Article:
The Committee on the Office of the General Assembly (COGA) is thinking about – but has not yet voted on – the possibility of holding a virtual, scaled-back General Assembly with two days of plenary in late June, and that would consider only critical, essential business.
That paring back would also include online Bible study and worship, and would give the Presbyterian Church (U.S.A.) a chance to acknowledge the world’s need in this precarious time for both lament and for hope, said J. Herbert Nelson, the PC(USA)’s stated clerk.
“How we witness to the world is going to be vitally important in this assembly,” Nelson said – as the church considers what business is urgent and “what can wait? … What does say we love you, we are standing with you,” that the PC(USA) will work for justice and will “not forget those who are in mourning” because of the losses suffered during the coronavirus pandemic.
“The world is mourning,” said COGA member Luis Jose Ocasio Torres. “That should be the tone of our General Assembly. “I bet no one will forget this General Assembly if we set a tone that goes along with what the country and the world are feeling.”
In making those changes – to meet virtually and with much less business – “we’re not just talking about this assembly,” Nelson said. “We are talking about a major transformation in assemblies going forward, and it’s not just about technology.”
The COVID-19 pandemic is changing the world – the way that people work and connect with one another, how organizations and institutions do business, what people think is important.
Nelson said that “having to make adjustments in this period is in a sense technically a godsend” – because the PC(USA) needs to, in part for financial reasons, be willing to change its traditions and rules and come up with a less expensive way of conducting business. “Financially, these assemblies we’ve been having in these arenas, spending all this money and having a good time will have to be narrowed down,” he said during the COGA meeting held via Zoom April 9.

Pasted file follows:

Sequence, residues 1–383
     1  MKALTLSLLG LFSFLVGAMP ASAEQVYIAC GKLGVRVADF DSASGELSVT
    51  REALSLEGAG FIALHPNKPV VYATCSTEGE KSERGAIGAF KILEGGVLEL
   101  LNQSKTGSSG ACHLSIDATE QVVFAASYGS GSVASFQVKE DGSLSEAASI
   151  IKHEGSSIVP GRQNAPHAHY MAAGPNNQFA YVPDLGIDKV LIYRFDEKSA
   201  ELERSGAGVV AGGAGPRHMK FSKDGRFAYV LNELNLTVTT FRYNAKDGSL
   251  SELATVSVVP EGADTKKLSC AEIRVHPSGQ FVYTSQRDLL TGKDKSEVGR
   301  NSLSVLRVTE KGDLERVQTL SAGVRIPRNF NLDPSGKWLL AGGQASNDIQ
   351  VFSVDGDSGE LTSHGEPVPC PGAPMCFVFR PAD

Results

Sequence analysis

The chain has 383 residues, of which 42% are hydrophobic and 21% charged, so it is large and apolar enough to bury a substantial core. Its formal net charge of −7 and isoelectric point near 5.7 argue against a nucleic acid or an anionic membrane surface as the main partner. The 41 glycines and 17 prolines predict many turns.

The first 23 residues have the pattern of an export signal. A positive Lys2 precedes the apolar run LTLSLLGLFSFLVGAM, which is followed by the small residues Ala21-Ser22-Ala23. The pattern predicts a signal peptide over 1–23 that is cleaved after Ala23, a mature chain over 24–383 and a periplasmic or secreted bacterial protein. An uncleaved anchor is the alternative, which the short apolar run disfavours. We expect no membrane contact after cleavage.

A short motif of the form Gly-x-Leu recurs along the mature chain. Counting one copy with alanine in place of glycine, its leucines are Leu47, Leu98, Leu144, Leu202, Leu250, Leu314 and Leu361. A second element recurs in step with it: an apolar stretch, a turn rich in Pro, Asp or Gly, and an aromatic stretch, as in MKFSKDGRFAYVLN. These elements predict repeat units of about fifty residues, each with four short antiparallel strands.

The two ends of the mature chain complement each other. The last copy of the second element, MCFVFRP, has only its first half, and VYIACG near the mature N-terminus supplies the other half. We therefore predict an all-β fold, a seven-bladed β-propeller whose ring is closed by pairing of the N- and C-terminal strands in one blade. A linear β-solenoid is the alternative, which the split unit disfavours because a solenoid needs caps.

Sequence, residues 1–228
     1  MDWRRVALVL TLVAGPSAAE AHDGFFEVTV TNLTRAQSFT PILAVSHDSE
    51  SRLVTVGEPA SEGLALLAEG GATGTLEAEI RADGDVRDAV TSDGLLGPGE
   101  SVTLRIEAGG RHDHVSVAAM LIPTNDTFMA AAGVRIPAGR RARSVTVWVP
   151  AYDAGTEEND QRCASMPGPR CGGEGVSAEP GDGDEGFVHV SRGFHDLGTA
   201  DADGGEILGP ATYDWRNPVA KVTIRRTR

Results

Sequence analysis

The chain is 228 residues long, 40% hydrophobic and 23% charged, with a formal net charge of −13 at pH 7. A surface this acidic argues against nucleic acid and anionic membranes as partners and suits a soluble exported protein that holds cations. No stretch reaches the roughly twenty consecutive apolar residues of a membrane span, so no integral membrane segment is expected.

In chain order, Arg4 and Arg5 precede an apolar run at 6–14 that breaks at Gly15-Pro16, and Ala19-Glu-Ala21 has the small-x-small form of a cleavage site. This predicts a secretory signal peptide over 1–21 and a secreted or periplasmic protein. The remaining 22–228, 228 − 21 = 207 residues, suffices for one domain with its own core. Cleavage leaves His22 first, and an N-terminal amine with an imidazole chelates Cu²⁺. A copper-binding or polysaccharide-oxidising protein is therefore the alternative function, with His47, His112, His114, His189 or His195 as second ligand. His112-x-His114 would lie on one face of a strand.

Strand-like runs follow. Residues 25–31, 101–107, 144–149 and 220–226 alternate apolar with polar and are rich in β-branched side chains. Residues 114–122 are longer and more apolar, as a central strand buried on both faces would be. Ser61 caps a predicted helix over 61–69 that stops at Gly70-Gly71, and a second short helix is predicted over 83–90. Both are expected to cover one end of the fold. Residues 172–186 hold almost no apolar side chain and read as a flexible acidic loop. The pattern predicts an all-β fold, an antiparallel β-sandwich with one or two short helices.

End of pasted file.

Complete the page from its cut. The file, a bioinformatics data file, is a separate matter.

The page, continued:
“This is not just an assembly of transition and change. It will also be an assembly of recognition that, no matter what we do in this assembly, we’re going to be changed forever.”
COGA decided to hold off making any final determination until its online meeting April 15-17. It also has not formally cancelled the in-person General Assembly scheduled for June 20-27 at the Baltimore Convention Center, even though the convention center is being turned into a COVID-19 field hospital.
Deborah Davies, manager of meeting services for the Office of the General Assembly, said she has been in conversation with officials in Baltimore regarding contracts signed with the convention center and hotels for the assembly, and has determined that waiting instead of canceling now will put the PC(USA) in a better position to be let out of those contracts with the least financial impact.
But the “contingency plan” COGA is discussing calls for holding a virtual assembly as follows.
- June 26 and 27: Two full days of plenary sessions, running from 11 a.m. Eastern to 6 p.m. (June 26) or 6:30 p.m. (June 27). The June 26 plenary would begin with an hour of worship; both days would include two one-hour blocks of break time.
- June 24: Bible study at 7 p.m. Eastern.
- June 19: A “meet the moderator candidates” town hall, with commissioners able to submit questions to ask (either in writing or video clips).
- Participant training: For commissioners and others with assembly roles, with time slots available on five dates: June 9, 11, 13, 15 and 17. Commissioners would be required to attend one of the trainings in order to be able to vote.
- Essential business only. The assembly would consider 37 items of business – 14 individually, and 23 on consent agendas, many of them related to budgets, confirmation of agency executives or standing rule changes. There would be no committee meetings for the purposes of discussing business.
Still under discussion:
- Whether and how to participate in the Poor People’s Campaign virtual event June 20.
- Whether to hold a fund raising concert for the Hands and Feet project during the assembly.
- Whether to have some kind of exhibit hall or additional assembly events, such as the lunches and dinners sponsored by Presbyterian groups or seminaries that traditionally have been part of a General Assembly week.
- When to hold the election of a moderator or co-moderators. One possibility: the co-moderators of the 2018 General Assembly, Vilmarie Cintrón-Olivieri and Cindy Kohlmann, would moderate during the 2020 Assembly. The election of a new moderatorial team would take place near the end of the June 27 final plenary, and the new moderator or co-moderators would preside over the assembly in 2022.